Does life have a meaning? How should we live? Is human nature permanent or changing? Are our actions determined? Is there an absolute ideal of The Good? Does a supernatural realm exist beyond the natural world? These are some philosophical problems. Over the centuries many answers have been proposed and many reasons have been given for and against them, but all of them have been disputed. Knowledge grows, conditions change, new facts emerge, but the problems remain. Although philosophers think that their subject is in fine condition, outsiders are understandably skeptical about a subject that fails to solve its problems. Their skepticism is based on a misunderstanding of philosophical problems.
Many philosophical problems occur when moral, personal, political, religious, and scientific modes of understanding (there are others of course) provide conflicting accounts of the significance of the same facts. Defenders of these accounts generally assume that the deepest significance of facts emerges from their own mode of understanding. They may accept the legitimacy of other modes, but claim that when their accounts conflict, the mode they favor should have priority over the others. This is not just a turf war between specialists. How we should resolve conflicts between modes of understanding leads to philosophical problems that have serious implications for how we should live. Any reasonable approach to resolving such conflicts depends on understanding the assumptions on which they rest and evaluating the reasons that have been given for and against them.
Take for instance the question of whether human actions are determined. According to the scientific mode of understanding, the answer is yes: whatever we do is the effect of causes and if the causes are present the effects will follow regardless of what choices we make. According to the personal mode of understanding, the answer is no: we often choose what we do or refrain from doing. Whether we accept the answer that follows from the scientific or the personal modes of understanding has fundamental implications for legal liability, personal responsibility, and political institutions.
Or consider the question of how we should live. According to the religious mode of understanding, if we conform to the divinely ordained ideal of The Good, we flourish; if we do not, we suffer. According to the personal mode of understanding, how we should live depends on our character, circumstances, experiences, and preferences. The religious assumption is that everyone should aim to approximate the ideal of The Good. The personal assumption is that ideals vary with individuals and contexts. The implications are far-reaching for the evaluation of what makes human lives good or bad, what should and should not be tolerated, and which experiments in living are likely to succeed or fail.
Another example is the dispute between moral and political modes of understanding. There are occasions when politicians can discharge their responsibilities only by breaking their promise, lying, or compromising their principles. According to political understanding, their morally reprehensible actions are then justified. According to moral understanding, they are unjustified. The assumption on which political understanding rests is that only in a secure political order is morality possible. The moral assumption is that a political order can be secure only if basic moral requirements are met. Their dispute is whether moral or political modes of understanding should have priority when they conflict, which, as we all know, they often do.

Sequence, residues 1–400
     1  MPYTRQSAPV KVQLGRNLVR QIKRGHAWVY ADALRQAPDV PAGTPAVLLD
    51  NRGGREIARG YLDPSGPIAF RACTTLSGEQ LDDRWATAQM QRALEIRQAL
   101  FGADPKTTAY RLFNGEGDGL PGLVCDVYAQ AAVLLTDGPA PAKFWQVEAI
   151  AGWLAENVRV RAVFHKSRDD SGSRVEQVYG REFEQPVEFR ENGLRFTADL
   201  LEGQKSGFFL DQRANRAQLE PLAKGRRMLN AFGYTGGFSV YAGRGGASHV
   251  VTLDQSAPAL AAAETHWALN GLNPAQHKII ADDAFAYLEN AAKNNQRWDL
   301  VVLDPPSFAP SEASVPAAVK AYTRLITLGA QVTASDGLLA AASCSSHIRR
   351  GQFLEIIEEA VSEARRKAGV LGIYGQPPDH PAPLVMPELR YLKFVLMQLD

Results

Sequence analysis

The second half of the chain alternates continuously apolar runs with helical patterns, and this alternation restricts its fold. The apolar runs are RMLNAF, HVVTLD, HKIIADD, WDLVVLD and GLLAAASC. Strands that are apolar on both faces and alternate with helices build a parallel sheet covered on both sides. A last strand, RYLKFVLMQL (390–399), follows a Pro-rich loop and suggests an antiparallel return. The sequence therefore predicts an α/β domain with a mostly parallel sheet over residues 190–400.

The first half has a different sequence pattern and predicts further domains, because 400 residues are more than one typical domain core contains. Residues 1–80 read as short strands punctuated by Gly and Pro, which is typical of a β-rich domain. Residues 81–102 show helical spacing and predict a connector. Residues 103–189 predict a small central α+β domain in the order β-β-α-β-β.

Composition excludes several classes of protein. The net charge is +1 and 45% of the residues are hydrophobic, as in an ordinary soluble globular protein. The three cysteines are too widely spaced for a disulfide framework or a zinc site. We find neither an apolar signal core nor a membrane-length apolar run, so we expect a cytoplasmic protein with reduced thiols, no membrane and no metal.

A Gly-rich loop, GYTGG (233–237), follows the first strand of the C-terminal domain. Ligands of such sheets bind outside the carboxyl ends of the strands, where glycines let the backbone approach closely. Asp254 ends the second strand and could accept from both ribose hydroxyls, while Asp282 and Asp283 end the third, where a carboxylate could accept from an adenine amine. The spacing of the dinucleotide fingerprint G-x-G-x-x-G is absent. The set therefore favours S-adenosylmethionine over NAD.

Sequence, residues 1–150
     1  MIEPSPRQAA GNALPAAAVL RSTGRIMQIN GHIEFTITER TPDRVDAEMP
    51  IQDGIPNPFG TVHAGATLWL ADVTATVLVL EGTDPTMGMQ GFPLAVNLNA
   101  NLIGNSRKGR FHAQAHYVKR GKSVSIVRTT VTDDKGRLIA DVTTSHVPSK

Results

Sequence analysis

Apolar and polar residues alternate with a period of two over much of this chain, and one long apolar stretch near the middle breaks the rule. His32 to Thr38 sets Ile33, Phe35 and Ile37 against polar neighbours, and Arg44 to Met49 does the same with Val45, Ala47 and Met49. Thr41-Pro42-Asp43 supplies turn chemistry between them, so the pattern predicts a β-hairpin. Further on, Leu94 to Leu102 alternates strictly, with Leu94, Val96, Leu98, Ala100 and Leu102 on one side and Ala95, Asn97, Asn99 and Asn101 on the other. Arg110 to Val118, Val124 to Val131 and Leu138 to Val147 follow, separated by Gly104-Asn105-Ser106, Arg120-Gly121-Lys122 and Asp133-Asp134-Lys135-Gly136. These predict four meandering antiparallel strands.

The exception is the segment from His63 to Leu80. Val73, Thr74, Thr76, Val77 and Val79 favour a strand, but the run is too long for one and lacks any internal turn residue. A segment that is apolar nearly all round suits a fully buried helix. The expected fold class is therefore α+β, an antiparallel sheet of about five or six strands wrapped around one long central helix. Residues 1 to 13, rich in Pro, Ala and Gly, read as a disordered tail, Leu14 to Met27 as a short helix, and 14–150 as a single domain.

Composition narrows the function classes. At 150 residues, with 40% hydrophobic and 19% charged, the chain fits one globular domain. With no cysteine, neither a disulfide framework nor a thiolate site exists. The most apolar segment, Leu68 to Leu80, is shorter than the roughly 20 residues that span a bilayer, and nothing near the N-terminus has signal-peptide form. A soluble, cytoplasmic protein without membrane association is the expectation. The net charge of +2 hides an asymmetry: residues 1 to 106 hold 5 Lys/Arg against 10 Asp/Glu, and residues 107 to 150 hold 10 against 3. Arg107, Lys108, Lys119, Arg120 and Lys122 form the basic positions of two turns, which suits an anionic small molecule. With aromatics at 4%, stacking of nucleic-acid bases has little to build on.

One central aim of philosophy is to understand conflicts of this kind and the assumptions from which they follow. This is an endless task because modes of understanding continually change in response to changing conditions. But since this is true of all of them, conflicts between them recur in different forms in different contexts and have to be faced again and again. That is why philosophical problems are perennial and why faulting the lack of philosophical progress is to fail to understand that conflicts between modes of understanding are here to stay as long as there are changing modes of understanding. Part of philosophy is to understand what we should do about them.
This kind of philosophical understanding has a critical and a constructive component. The critical one guards against the mistaken assumption shared by all too many defenders of their favored mode of understanding that in case of conflicts, their mode should always in all contexts have priority over all other modes of understanding. The constructive component is that priority depends on the context, on the particular facts, and on the judgment of whether the moral, personal, political, religious, or scientific mode of evaluation is more important in that context for protecting the conditions in which our modes of understanding can continue to progress and yield knowledge.
Such judgments are difficult and fallible, but can nevertheless be reasonable. Since contexts, conditions, facts, and modes of understanding change, even the most reasonable judgments must change with them. The critical and constructive components of philosophy enable us to make such judgments as reasonably as possible. In The Nature of Philosophical Problems (Oxford, 2014) I discuss these issues in greater depth and detail